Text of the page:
Meaning of Capital

Meaning of Capital

The word capital comes from the Latin capitalis, which in turn derives from the term caput (“head”). It is, therefore, that belonging to or relating to the head.

In Christianity, the capital sins are those that are the beginning (the head) of others, such as lust, gluttony, laziness, greed, anger, envy and pride.

On the other hand, the execution of a convicted person by state authorities is known as capital punishment or death penalty. This penalty is applied as punishment for a crime considered very serious, such as an aggravated crime.

At the population level, the capital is the main city of a State, a province or a district. For example, the capital of Argentina is Buenos Aires; the capital of Spain is Madrid; the capital of Uruguay is Montevideo.

In the field of economics, capital is one of the productive factors (along with work and land). In general, the term is used to designate an amount of money that can be borrowed or invested: “I have a capital of 10,000 dollars to invest”, “At the moment, the capital of the company is limited to 50,000 pesos and nothing more”.

Capital according to Marx

“Capital” ( “Das Kapital”, in its original language) is a book by Karl Marx dedicated to the critique of political economy. Marx only published the first volume of the book while alive, while the other two were edited by his collaborator and friend Friedrich Engels.

Karl Marx was born in Germany on May 5, 1818 and died in the United Kingdom on March 14, 1883. He is remembered for having been an essential thinker who marked a before and after in the way in which humanity understands the production processes and social hierarchies. Marx worked alongside Friedrich Engels and they laid the foundations for Communism; These ideas were embodied in two important books ” Capital ” and ” The Communist Manifesto “.

As expressed by the German thinker in this book, the concept of capital refers to the value that is valued and explains that money in a productive process is “something” that allows its possessor (the owner of the means of production) to obtain more of it in future productions.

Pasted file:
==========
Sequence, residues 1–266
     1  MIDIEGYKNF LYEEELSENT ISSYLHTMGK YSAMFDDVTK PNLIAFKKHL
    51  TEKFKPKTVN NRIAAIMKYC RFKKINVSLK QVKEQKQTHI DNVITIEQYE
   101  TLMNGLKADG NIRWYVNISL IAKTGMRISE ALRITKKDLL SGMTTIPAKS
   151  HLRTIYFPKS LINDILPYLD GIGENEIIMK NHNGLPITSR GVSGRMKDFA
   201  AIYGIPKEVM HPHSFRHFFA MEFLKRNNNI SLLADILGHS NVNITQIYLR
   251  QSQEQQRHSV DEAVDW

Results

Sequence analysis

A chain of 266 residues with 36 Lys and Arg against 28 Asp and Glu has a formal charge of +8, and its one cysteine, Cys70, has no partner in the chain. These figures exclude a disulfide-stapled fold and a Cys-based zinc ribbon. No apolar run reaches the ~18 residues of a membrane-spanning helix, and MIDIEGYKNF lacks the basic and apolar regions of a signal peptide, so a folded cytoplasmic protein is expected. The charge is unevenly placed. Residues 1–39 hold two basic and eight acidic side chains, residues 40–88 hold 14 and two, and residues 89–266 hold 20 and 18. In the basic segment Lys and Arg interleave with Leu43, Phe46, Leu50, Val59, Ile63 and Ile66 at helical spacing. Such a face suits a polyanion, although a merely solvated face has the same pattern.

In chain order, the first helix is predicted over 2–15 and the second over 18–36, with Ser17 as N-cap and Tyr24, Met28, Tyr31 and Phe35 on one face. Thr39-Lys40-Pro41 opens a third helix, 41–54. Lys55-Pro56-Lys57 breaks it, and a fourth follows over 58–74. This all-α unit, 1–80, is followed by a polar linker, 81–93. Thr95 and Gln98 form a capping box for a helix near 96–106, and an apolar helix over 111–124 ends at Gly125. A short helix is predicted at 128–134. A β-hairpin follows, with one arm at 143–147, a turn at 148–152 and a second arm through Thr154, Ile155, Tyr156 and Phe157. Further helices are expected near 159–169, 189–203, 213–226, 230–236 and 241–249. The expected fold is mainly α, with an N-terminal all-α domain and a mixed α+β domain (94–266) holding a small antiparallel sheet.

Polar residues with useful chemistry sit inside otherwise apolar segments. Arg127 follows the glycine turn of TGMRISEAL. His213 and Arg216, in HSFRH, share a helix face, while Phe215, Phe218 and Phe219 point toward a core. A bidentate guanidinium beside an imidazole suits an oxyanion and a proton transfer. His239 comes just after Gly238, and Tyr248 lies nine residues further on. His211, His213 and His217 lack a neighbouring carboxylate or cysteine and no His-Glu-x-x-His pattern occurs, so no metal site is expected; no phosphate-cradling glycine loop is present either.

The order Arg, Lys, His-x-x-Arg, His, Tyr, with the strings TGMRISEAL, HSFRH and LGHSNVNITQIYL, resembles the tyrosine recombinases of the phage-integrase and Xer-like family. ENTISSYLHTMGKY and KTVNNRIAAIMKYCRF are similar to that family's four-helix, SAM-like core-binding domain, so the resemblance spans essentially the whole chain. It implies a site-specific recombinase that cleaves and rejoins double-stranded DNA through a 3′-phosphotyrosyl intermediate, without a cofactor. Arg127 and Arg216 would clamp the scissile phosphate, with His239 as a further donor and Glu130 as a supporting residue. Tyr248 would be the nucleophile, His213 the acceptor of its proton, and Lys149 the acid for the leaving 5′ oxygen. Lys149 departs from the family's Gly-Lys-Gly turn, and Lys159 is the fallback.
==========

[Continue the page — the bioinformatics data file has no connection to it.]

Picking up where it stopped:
According to DigoPaul, this money can be used to buy raw materials and machinery that are more apt to carry out greater production in less time and at the same time buy labor or, in Marxist terms, labor power, that is, to hire workers.

In this way, with the passage of time and reaching the point of time in which the acquired machinery is so worn that it is necessary to replace it, the contracts have been terminated and it is necessary to buy more raw material, a balance will be made between what invested and certain gains from production may be noted. Hence, it is understood that it is a value that is revalued, because it generates more profit, therefore it is as if it were worth more in itself.

He later affirmed that this capital was responsible for the existence of various social classes in a society, where one group took over the work of the others (by having a greater amount of money and being able to hire them) to exploit the means of production. However, if there were a revolution where the production process had no owner, it could be lived in a utopian and balanced society.

In conclusion, for Marx, Capital should be something that was owned by everyone, because in this way social classes and the favoritism of the rich over the poor could be eliminated. This idea is approved by many people, however, it has not been possible to put it into practice because we live in a complex world and all those who try to carry the flag of Marxism end up falling into the clutches of ambition and abuse of power.

Capital


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